Skip to main content

I did a demonstration once in downtown Lexington, Kentucky. I blindfolded myself and sat out a sign saying “I’m Muslim, not a terrorist. Do you trust me? I trust you. Hug me.”  This little girl, only up to my waist, cried into my shirt. I lost it.

Today is the second annual Muslim Women’s Day, started last year by @MuslimGirl founder Amani Al-Khatahtbeh (@amini) with the goal of changing the culture around how we talk about Muslim women.

The best way I know how to do that is to tell some of the story of a beautiful and courageous woman I went to high school with in small town Kentucky, Heather.

When she wears her hijab, she has actually been told, “If I close my eyes you sound just like a non-Muslim woman.” If people want to create safe spaces for us and enhance our general livelihood, Heather says, they can start by realizing that we are just like other women.  The hijab doesn’t make us more or less human or female, and in fact it’s a common misconception that wearing a hijab automatically equates oppression. The hijab is often a personal choice! Non-hijab wearing Muslim women exist, Muslims are not monolithic.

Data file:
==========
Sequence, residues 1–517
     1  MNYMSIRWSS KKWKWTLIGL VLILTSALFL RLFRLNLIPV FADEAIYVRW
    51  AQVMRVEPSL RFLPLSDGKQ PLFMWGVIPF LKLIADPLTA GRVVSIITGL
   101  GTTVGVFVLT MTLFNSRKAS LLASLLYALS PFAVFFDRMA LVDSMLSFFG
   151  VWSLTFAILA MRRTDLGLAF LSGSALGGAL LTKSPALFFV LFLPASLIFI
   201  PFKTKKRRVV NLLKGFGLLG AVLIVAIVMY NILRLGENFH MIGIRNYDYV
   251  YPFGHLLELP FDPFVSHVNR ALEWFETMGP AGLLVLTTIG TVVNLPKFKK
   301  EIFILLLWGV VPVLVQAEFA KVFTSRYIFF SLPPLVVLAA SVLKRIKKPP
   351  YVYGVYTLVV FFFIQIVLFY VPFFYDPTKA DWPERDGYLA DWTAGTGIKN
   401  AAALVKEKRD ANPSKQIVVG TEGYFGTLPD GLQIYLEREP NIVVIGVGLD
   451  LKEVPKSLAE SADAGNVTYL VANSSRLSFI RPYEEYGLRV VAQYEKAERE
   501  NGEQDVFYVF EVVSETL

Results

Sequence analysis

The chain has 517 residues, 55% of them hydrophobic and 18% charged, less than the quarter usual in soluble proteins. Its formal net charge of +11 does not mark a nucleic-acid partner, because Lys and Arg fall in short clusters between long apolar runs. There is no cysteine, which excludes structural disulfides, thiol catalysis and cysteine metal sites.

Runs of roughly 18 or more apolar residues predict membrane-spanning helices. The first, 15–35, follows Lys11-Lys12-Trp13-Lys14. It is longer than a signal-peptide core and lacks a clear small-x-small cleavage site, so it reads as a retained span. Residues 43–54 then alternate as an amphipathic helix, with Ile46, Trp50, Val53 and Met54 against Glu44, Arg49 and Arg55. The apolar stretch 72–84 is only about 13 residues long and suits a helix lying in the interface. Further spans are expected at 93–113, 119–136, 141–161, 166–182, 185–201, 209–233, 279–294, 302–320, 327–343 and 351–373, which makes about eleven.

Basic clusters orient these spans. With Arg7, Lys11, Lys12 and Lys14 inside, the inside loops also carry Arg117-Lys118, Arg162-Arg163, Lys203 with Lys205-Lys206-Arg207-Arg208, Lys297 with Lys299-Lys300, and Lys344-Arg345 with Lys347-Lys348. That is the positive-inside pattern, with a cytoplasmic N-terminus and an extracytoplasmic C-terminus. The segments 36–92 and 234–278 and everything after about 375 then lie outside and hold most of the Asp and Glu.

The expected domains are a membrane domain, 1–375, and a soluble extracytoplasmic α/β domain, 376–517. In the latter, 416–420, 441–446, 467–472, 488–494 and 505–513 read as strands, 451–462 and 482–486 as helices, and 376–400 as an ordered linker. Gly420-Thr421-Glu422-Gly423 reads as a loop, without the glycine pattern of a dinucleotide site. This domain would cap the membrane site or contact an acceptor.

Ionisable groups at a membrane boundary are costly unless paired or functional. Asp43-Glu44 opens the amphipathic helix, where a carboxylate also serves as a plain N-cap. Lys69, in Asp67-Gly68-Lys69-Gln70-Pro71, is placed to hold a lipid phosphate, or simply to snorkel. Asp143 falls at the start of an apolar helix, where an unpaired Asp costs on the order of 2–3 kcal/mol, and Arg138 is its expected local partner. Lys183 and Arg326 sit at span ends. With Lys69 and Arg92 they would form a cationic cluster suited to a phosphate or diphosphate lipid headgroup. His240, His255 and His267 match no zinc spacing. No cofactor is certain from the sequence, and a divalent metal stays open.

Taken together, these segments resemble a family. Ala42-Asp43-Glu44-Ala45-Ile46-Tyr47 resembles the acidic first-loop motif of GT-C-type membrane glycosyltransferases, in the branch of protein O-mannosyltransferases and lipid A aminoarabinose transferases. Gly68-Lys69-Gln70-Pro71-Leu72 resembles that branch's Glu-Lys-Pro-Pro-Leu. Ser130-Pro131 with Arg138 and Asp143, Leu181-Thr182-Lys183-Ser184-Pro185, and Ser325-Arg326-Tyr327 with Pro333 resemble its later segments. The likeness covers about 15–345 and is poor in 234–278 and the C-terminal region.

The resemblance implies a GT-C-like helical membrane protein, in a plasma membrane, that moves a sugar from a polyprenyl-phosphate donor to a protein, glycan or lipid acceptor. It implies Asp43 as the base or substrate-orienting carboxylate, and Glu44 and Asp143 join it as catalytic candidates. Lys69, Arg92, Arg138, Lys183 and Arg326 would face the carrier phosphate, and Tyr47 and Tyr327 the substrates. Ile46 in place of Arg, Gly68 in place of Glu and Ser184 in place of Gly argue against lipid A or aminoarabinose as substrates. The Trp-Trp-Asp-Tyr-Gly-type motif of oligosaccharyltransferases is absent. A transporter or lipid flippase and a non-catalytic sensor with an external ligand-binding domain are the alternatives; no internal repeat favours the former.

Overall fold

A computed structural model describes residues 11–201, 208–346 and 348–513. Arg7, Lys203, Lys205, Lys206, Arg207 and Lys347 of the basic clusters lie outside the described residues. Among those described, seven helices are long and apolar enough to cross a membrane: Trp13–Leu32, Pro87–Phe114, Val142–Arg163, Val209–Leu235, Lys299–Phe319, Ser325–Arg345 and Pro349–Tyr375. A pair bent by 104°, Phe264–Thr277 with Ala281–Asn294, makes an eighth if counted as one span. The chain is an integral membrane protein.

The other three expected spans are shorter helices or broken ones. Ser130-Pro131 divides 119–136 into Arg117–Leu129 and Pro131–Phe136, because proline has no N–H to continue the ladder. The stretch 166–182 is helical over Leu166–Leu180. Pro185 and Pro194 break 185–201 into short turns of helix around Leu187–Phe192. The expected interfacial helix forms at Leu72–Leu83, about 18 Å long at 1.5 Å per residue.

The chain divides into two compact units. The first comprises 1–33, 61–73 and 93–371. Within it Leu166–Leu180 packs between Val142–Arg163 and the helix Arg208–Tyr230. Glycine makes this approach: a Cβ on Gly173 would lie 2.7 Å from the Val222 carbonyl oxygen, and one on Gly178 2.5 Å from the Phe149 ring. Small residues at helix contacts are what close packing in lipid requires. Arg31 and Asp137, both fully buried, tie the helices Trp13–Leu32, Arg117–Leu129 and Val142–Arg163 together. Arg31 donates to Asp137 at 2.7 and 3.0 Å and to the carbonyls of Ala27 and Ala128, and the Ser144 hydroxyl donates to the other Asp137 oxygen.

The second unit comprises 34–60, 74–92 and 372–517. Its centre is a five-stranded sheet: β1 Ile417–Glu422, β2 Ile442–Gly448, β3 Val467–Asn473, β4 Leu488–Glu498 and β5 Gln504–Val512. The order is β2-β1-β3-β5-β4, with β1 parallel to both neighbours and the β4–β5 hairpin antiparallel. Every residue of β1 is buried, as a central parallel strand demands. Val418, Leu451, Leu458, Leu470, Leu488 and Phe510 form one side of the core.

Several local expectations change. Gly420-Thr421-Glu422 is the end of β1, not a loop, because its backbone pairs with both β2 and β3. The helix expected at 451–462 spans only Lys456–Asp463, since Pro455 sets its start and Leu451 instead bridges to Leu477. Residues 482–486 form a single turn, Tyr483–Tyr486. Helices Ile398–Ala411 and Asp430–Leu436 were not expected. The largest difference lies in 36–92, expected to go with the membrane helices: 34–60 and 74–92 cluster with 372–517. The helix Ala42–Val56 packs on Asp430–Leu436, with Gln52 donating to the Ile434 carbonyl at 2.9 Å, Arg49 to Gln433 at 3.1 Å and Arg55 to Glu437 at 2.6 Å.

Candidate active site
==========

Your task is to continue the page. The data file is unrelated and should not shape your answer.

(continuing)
Heather was denied a job as a hostess because she interviewed wearing her hijab.  While talking to her today, she recalled her deep despair and days of tears. “I wanted to stomp and yell I’M A PERSON, with feelings! And a piece of cloth has nothing to do with anything!  When I interviewed at similar jobs without the hijab, I was hired.”

She dreams that people will do the necessary educational work, have conversations, ask respectful questions, and form relationships with Muslim women to begin to change the narrative around over generalizing and misunderstanding Muslim women.  For starters, she says, ISIS is not Islam. Some crazy people happen to be Muslim but I’m tired of being lumped together into one radical ideation of a religion and I’m sick and tired of defending myself.

Heather’s story of hurt, misunderstanding, courage and persistence is not isolated.  Today, and everyday, let’s center and raise the voices of Muslim women as we imagine free expression of Religion, culture, and expression.

Image of Blair Imani for them, by Lia Clay.

Leave a Reply

This site uses Akismet to reduce spam. Learn how your comment data is processed.